Los Angeles, CA – October 1, 2015 – For the second time this week, the Consumer Financial Protection Bureau has flexed its muscles when it comes to reining in unscrupulous indirect auto loan financiers. Just days after taking action against Fifth Third Bank for auto-lending discrimination, the Bureau ordered a Los Angeles-based finance company and its auto title lending subsidiary to pay $48.3 million in fines and relief to affected borrowers stemming from a laundry list of allegedly illegal debt collection practices.
A proposed consent order [PDF] accuses Westlake Services and Wilshire Consumer Credit of using a variety of legally questionable tactics since at least 2010.
These include: using phony caller ID information; falsely threatening to refer borrowers for criminal prosecution; and illegally disclosing information about debts to borrowers’ employers, friends, and family.
Westlake Services, which specializes in purchasing and servicing auto loans, including many subprime and near-subprime loans, purchased loans from auto dealers nationwide. Wilshire Consumer Credit, a wholly owned subsidiary of Westlake, offers auto title loans directly to consumers, largely via the Internet, and services those loans. The company also purchases and services auto title loans made by others.
An investigation by the CFPB found that starting in January 2010, the companies’ debt collectors began using a web-based service called Skip Tracy — which allowed them to change the phone number and caller ID that recipients see — to place calls to more than 137,000 loan borrowers.
The Bureau found that collectors altered the calls to make it appear they were coming from other entities, including repossession companies. The debt collectors would then pretend during the call that they were calling from repossession companies and make threats that the borrowers’ vehicles were in immediate danger of being repossessed.
Collectors also allegedly used Skip Tracy to make it appear as if other businesses were contacting customers, with IDs showing things like “flower shop.” The collectors then kept up the ruse by posing as a flower shop employee in order to trick customers into disclosing their location or the location of their vehicle.
In other instances, the complaint states that the companies used the phone service to make it look as if they were calling from investigation or enforcement divisions.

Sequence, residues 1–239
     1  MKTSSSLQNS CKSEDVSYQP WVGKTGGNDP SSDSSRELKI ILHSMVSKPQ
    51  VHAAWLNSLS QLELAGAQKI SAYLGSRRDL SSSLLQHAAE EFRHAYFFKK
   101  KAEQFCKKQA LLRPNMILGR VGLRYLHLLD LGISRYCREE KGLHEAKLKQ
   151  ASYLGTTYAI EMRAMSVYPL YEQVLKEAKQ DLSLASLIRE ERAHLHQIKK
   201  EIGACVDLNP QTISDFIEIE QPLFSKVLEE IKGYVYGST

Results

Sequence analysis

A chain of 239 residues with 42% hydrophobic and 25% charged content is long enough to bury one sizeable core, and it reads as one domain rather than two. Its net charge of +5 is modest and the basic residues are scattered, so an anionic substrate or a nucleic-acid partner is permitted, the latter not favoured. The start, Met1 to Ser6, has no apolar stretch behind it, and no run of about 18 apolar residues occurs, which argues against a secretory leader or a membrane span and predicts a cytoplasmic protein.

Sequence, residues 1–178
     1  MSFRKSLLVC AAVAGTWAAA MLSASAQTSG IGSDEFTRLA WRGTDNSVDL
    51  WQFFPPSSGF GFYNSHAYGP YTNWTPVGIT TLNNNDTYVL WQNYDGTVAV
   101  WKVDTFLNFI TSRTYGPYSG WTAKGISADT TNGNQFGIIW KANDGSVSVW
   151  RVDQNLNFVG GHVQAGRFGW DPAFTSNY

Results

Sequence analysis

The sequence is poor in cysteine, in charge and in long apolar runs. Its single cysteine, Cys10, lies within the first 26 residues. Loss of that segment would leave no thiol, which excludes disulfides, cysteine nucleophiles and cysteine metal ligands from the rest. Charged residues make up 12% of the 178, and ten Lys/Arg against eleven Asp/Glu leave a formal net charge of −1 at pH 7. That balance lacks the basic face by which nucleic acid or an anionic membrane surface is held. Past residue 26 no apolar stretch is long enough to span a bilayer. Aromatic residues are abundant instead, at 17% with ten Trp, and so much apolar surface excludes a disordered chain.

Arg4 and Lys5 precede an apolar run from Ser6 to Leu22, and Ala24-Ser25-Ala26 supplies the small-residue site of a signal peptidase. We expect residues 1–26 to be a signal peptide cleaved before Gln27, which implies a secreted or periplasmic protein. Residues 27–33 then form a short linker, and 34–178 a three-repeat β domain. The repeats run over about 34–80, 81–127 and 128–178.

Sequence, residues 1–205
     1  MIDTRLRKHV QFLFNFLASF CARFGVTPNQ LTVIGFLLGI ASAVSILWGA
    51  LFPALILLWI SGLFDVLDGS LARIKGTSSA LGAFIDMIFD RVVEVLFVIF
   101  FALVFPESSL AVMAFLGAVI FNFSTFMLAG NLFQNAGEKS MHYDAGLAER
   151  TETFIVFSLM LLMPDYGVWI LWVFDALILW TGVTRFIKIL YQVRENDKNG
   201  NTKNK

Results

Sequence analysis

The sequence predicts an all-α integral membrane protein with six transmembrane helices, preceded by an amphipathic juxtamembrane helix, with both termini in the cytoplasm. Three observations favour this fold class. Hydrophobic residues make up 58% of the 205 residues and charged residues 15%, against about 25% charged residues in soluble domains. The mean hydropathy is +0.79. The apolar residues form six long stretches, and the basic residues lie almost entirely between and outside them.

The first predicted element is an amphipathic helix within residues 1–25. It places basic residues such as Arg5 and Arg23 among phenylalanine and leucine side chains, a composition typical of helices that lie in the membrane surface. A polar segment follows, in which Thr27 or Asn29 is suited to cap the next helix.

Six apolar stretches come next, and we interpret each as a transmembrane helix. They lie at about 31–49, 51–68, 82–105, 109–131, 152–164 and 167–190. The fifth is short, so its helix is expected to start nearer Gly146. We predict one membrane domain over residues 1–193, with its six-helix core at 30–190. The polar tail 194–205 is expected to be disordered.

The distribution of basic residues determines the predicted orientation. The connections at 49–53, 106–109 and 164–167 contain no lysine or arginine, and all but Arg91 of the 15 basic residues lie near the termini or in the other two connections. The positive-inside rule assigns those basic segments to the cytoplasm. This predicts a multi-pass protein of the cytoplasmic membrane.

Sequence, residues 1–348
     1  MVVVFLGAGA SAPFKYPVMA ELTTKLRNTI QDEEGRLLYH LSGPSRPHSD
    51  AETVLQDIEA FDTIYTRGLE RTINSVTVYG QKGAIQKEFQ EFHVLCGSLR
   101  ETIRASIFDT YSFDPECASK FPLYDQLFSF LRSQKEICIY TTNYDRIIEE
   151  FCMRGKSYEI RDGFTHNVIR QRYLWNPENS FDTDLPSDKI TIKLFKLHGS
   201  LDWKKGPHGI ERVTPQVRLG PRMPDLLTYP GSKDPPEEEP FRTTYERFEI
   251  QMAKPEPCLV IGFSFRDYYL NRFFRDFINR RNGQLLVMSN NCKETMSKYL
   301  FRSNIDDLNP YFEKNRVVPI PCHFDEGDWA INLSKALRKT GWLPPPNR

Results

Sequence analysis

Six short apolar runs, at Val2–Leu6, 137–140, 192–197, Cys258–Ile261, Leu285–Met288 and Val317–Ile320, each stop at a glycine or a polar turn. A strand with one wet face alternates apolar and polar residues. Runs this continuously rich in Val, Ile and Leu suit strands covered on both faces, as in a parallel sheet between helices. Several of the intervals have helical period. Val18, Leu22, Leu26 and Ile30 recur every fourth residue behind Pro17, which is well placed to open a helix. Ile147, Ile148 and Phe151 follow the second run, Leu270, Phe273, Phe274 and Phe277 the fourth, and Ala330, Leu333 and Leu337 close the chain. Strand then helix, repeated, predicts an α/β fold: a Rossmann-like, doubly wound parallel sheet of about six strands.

“The companies explicitly and implicitly threatened to file criminal charges against consumers even when they had not decided to refer the borrowers to criminal authorities,” the CFPB says.
”These tactics likely misled consumers into believing they needed to make a payment urgently to avoid an investigation.”
From January 2010 to April 2014, Westlake and Wilshire called consumers whose vehicles had already been repossessed and used Skip Tracy to make it appear the calls were coming from a party associated with the word “storage.”
During these calls, collectors falsely implied that the that the vehicles would be released if the borrowers made a partial payment on the account. In reality, the companies would actually only release a repossessed vehicle after a borrower paid the full amount due.
The companies also illegally contacted borrowers’ employers, friends, and family members about overdue debts.
According to the CFPB complaint, the companies paid a third-party repossession company to make debt collection calls to borrowers, even when the companies had not decided to repossess the consumers’ vehicles or the companies had no reason to believe repossession was imminent.
“This tactic likely misled consumers into believing that they needed to make a payment urgently to avoid repossession,” the CFPB claims.
In addition to deceiving consumers with illegal debt collection practices, the CFPB found Westlake and Wilshire violated consumer financial protection laws with advertising, customer relations and account servicing.
From Jan. 2010 to Sept. 2010 the company deceived borrowers about the effects of due date changes or extensions to loan terms, as well as hid the true cost of credit.
Specifically, the CFPB found that Wilshire used monthly interest rates or other interest rates in advertisements for auto title loans in 2012 and 2013, without disclosing the loans’ annual percentage rate as required by law.
Monthly rates advertised by Wilshire only appeared in small print on its website. Representatives speaking with prospective borrowers on the phone would answer questions about the cost of loans by providing monthly rates or other rates instead of the annual percentage rate.
Under the terms of a proposed CFPB consent order, Wilshire and Westlake must provide $44.1 million in redress to affected borrowers. The funds will be issued in the form of $25.8 million in cash, while the remainder will come from balance reductions to open accounts.
The company must also pay a $4.25 million civil penalty to the CFPB’s Civil Penalty Fund, as well as end deceptive debt collection practices, protect consumers’ private information and end unlawful advertisements.